Longer post content increase the examining duration significantly, but not the skimming duration. The length of the post content interacts with the type of information need context: longer post content has a bigger impact on the examining duration for users seeking for self and others than for users browsing with no issue in mind. However, the length of the summary page of post surrogates does not have a significant impact on examining and skimming duration, probably because the number of post surrogates displayed was fixed for each webpage.
As expected, perceived urgency of health information need increases examining and skimming duration for both the summary screen of post surrogates and detailed post screen. Gender and age were not significant. Previous studies have found demographic factors to have a relationship with people’s online health information behaviour (e.g., Bidmon and Terlutter, 2015; Cullen, 2002; Teo, 2001). In the current study, browsing durations were recorded exactly using an eye-tracker machine, whereas previous studies used self-reported data from questionnaires or interviews (e.g., Teo, 2001; Fox and Duggan, 2013). Also, previous studies made use of cumulative time spent over a period of time, such as one week or one month. This study focused on the average browsing durations for individual webpages.
The results of this study indicate that future studies of health information seeking should take into consideration users’ health information need context (whether seeking health information for self, for others, or with no particular issue in mind), and distinguish between browsing detailed health information content or summary screens of search results.
This research was supported in part by National Natural Science Foundation of China (No. 71790612) and Social Science Foundation of Fujian Province of China (No. FJ2017C011). The authors would like to thank the anonymous reviewers for their comments and suggestions and the editors for their efforts to publish this paper.
About the authors
Wenjing Pian (first author and corresponding author) is an Assistant Professor at School of Economics and Management at Fuzhou University (address: No.2 Xueyuan Road, University Town, Minhou County, Fuzhou City, Fujian Province, China, 350116) and Distinguished Scholar at Mengchao Hepatobiliary Hospital of Fujian Medical University (address: No.312 Xihong Road, Gulou District, Fuzhou City, Fujian Province, China, 350025). He received his PhD degree at Nanyang Technological University, Singapore. His research focuses on consumer health information seeking, health/medical informatics, and machine learning in clinical decisions. He can be reached at firstname.lastname@example.org .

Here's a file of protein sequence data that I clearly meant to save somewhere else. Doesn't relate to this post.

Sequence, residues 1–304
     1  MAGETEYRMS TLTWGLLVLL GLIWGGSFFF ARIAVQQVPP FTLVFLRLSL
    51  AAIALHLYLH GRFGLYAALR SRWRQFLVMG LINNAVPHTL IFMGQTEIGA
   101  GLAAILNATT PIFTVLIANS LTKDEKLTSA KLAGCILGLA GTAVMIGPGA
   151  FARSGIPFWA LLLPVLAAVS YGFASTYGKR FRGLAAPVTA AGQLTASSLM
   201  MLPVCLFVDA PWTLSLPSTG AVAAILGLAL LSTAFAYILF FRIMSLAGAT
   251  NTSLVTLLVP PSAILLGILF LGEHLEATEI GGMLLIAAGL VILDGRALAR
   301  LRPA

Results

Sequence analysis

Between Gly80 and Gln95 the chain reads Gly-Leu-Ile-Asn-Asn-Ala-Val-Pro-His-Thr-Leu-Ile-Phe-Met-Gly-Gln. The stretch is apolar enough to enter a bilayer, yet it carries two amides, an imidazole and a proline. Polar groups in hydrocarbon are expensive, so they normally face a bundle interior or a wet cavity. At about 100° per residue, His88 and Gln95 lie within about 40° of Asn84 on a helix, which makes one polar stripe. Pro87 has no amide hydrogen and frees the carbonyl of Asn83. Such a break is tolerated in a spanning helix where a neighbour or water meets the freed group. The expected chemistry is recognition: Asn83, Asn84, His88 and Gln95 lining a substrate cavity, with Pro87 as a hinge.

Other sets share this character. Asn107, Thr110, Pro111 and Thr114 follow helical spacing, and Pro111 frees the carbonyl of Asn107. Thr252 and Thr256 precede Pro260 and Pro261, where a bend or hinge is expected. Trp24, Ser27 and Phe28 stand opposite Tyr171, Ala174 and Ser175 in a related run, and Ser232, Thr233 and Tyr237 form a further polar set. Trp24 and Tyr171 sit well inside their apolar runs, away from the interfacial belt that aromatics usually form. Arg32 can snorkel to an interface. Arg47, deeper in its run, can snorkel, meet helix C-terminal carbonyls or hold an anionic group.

Christopher S.G. Khoo is an Associate Professor at Wee Kim Wee School of Communication and Information at Nanyang Technological University (address: WKW SCI building, Nanyang Link, Singapore, 637718). He obtained his PhD at Syracuse University in 1997, his MSc in library and information science at the University of Illinois, Urbana-Champaign in 1987 and a BA from Harvard University. His main research interests are in knowledge organization, ontologies, automatic sentiment categorization, human categorization behaviour, natural language processing, information extraction, multidocument summarization, and clinical decision support systems. He can be reached at ASSGKHOO@ntu.edu.sg.
Gang Li is a Professor and the Director in the Centre for Studies of Information Resources at Wuhan University (address: 299 Bayi Street, Wuchang District, Wuhan City, Hubei Province, China, 430072), awarded Changjiang Professor in 2016. He is now researching on big data integration and analysis focusing on multiple aspects of urban information, such as geographical, cultural and scientific data. He has completed and is working on multiple related projects. He can be reached at email@example.com.
Jianxing Chi (corresponding author) is a Lecturer at College of Communication at Fujian Normal University (address: Fujian Normal University Qishan Campus, University Town, Fuzhou City, 350117 ). She received her Master’s degree from London School of Economics. She does research in quantitative and qualitative social research and health communication and social media. Her research interest relates to health communication, new media and communication technology. She can be reached at firstname.lastname@example.org.